Studio 11: The Hammer without a Master
Studio 11 explores the idea that we think, remember and decide ‘in the world,’ rather than in our heads, that we are connected in unexpected ways and that this connection may be a key to unravelling some of the paradoxes of modern life and culture.
Studio 12: The Voice of Things
This studio will offer a challenge to the idea that objects are unruly things and need to be brought to heel by labelling, categorising, taxonomising. Instead, it offers an invitation to give voice to the mute and invisible, by listening to objects and treating them as allies.
Studio 13: Suck it up
This studio takes a sideways looks at the intersection of youth culture and late capitalism considering the impacts and influences of desire, the cartoon, consumerism and cuteness in shaping our lived contemporary experience.
Studio 14: Futures Past and Present
Cultural history, from high art to kitsch, is littered with visions of the future; some inspiring, some ridiculous, almost all of them wrong.
Studio 15: A River with Standing
What happens when a river is conceived as a living entity instead of the prevailing perspective of human sovereignty over nature? What political impact may this unprecedented legal status have on the ecological crisis? What do Indigenous cosmologies contribute to current posthuman philosophical debates?
Studio 16: “I can’t see the wood for the trees:” Ecology as Methodology
This studio aims to provoke discussion about the ’reality’ and the ‘myth’ of ecology: the ease with which one can theorise about it, and at the same time the persistent challenges of enacting it as an everyday lived condition of human (and more-than-human) existence.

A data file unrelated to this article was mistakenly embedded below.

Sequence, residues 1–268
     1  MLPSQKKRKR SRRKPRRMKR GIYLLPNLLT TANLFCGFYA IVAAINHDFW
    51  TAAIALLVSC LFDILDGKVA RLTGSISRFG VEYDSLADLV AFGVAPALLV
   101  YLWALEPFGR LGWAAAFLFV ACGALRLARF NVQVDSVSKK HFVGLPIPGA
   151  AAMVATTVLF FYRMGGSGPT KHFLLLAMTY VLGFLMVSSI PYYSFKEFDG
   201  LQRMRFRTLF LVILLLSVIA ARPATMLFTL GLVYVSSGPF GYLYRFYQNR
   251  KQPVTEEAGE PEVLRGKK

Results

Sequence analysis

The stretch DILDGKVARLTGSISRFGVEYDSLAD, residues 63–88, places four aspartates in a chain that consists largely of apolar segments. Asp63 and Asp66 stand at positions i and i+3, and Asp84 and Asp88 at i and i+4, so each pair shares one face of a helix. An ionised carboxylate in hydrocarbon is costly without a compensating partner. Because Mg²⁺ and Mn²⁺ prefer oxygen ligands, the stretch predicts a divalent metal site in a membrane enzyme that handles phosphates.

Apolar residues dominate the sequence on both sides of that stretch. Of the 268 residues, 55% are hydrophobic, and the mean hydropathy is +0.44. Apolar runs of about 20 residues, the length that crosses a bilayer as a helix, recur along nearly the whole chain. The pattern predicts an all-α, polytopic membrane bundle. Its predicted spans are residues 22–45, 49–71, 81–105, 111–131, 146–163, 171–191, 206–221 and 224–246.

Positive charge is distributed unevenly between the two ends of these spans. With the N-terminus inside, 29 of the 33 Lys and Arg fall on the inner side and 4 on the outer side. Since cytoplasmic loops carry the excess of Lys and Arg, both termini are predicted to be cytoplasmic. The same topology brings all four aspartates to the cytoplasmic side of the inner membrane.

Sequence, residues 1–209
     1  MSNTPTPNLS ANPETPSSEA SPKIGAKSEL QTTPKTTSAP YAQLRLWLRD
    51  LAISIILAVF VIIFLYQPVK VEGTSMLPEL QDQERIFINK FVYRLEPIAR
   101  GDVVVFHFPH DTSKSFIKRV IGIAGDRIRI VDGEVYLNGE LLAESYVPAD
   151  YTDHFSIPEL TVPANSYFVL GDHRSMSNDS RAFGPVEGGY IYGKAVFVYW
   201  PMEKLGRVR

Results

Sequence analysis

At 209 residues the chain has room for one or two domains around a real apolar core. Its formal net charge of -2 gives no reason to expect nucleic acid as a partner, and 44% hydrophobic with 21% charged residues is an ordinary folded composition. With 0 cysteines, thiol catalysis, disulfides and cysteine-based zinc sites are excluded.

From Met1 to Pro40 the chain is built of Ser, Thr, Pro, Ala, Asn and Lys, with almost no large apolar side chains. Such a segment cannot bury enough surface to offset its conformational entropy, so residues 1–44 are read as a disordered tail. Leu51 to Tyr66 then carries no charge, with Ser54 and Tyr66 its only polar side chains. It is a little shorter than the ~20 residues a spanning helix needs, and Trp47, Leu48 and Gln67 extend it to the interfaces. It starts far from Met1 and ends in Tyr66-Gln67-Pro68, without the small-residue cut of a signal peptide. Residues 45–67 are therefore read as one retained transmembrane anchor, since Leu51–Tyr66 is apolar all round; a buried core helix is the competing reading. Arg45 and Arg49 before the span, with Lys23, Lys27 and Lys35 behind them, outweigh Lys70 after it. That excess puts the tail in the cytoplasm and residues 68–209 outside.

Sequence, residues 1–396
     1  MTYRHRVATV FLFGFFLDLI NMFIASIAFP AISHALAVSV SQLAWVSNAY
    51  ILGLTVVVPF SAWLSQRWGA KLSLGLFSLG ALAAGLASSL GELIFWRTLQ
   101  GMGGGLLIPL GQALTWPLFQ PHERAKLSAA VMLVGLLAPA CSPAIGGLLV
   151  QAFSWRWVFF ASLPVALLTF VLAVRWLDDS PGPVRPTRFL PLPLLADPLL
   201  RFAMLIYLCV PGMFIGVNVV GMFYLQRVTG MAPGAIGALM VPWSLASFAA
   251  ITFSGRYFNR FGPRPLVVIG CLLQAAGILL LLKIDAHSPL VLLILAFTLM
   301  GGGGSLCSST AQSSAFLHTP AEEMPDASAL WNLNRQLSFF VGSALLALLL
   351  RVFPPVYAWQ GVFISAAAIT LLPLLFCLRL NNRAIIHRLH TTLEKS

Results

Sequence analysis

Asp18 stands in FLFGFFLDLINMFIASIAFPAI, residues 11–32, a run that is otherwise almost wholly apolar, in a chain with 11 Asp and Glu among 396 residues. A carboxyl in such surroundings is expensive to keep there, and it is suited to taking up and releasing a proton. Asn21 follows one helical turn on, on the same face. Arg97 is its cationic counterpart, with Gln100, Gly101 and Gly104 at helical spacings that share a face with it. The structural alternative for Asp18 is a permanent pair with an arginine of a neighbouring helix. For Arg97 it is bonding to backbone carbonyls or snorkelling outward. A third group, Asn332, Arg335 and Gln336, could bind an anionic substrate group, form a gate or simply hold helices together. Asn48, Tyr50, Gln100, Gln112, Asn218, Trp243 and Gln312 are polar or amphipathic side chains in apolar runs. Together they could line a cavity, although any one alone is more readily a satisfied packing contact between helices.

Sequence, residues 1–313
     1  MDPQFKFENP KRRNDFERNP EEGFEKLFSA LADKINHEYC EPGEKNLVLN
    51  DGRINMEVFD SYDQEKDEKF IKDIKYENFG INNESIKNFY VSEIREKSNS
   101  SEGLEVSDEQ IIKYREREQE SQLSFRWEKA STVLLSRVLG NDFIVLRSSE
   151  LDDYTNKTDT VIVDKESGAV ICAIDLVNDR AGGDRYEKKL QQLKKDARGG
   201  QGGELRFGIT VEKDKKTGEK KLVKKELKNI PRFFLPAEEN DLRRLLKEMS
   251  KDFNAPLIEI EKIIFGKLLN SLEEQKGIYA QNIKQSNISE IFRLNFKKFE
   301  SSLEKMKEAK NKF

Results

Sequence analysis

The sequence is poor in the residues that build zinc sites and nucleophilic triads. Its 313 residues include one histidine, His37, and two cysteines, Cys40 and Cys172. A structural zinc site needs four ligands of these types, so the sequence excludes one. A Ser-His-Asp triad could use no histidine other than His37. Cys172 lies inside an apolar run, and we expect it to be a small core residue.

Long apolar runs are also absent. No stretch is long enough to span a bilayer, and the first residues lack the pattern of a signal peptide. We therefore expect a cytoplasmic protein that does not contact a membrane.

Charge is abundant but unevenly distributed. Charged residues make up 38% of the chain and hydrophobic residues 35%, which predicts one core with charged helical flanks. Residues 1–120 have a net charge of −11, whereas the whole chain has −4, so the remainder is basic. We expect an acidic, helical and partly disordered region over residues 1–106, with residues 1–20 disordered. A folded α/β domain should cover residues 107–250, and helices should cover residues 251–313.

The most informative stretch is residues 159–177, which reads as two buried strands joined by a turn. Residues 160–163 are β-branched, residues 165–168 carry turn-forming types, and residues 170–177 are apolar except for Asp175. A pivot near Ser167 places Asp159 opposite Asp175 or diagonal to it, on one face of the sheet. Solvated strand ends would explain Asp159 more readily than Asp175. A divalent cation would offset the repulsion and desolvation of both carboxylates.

Studio 17: The Practice of Space – Writing Atmospheres in Art and Architecture
Nico de Oliveira
Dissertation Studio 06 looks at space as practice, since each location is a mutable entity framed as a moment in time, populated by individuals and shaped by their actions as artists, musicians, curators, designers, architects, writers and spectators.
Studio 18: The Poetics of Making
This studio will consider the value of making in itself, independent of the product or outcome, exploring the idea of craft as meaningful work.
Studio 19: The Erotics of Infrastructure
Studio 19 questions how our body and subjectivity is formed through our encounters with infrastructure. We will explore what constitutes contemporary infrastructure, such as the digital sphere, financial products and how these may impact the formation of our subjectivity and social organisation.
Studio 20: A History of Efficiency
There is nothing inevitable about the way we organise our societies. Changing the harmful structures of economic efficiency, which are making the planet uninhabitable, is up to us. This studio is for students who are interested in exploring any aspect of the climate emergency.